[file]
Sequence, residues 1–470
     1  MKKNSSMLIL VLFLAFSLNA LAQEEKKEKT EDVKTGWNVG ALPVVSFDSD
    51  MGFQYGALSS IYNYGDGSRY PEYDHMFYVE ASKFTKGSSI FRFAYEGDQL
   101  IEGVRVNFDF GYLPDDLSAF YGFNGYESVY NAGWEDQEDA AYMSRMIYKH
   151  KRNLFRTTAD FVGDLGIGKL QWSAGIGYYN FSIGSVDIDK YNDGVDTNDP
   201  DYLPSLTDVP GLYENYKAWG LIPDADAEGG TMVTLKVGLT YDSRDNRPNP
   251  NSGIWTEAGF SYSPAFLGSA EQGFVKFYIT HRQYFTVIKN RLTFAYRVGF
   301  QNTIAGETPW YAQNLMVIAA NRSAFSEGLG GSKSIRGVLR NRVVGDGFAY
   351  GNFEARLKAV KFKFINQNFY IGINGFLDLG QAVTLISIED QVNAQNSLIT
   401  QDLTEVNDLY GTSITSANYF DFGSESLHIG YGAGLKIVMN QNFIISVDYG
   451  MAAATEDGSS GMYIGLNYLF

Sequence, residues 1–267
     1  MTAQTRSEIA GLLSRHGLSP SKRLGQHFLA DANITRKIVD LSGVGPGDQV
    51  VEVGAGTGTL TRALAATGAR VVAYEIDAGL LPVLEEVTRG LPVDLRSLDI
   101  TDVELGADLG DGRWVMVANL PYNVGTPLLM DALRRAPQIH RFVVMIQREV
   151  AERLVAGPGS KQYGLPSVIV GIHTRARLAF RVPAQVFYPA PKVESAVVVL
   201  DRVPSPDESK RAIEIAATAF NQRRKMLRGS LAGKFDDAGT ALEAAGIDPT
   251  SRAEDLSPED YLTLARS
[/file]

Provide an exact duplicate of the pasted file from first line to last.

Sequence, residues 1–470
     1  MKKNSSMLIL VLFLAFSLNA LAQEEKKEKT EDVKTGWNVG ALPVVSFDSD
    51  MGFQYGALSS IYNYGDGSRY PEYDHMFYVE ASKFTKGSSI FRFAYEGDQL
   101  IEGVRVNFDF GYLPDDLSAF YGFNGYESVY NAGWEDQEDA AYMSRMIYKH
   151  KRNLFRTTAD FVGDLGIGKL QWSAGIGYYN FSIGSVDIDK YNDGVDTNDP
   201  DYLPSLTDVP GLYENYKAWG LIPDADAEGG TMVTLKVGLT YDSRDNRPNP
   251  NSGIWTEAGF SYSPAFLGSA EQGFVKFYIT HRQYFTVIKN RLTFAYRVGF
   301  QNTIAGETPW YAQNLMVIAA NRSAFSEGLG GSKSIRGVLR NRVVGDGFAY
   351  GNFEARLKAV KFKFINQNFY IGINGFLDLG QAVTLISIED QVNAQNSLIT
   401  QDLTEVNDLY GTSITSANYF DFGSESLHIG YGAGLKIVMN QNFIISVDYG
   451  MAAATEDGSS GMYIGLNYLF

Sequence, residues 1–267
     1  MTAQTRSEIA GLLSRHGLSP SKRLGQHFLA DANITRKIVD LSGVGPGDQV
    51  VEVGAGTGTL TRALAATGAR VVAYEIDAGL LPVLEEVTRG LPVDLRSLDI
   101  TDVELGADLG DGRWVMVANL PYNVGTPLLM DALRRAPQIH RFVVMIQREV
   151  AERLVAGPGS KQYGLPSVIV GIHTRARLAF RVPAQVFYPA PKVESAVVVL
   201  DRVPSPDESK RAIEIAATAF NQRRKMLRGS LAGKFDDAGT ALEAAGIDPT
   251  SRAEDLSPED YLTLARS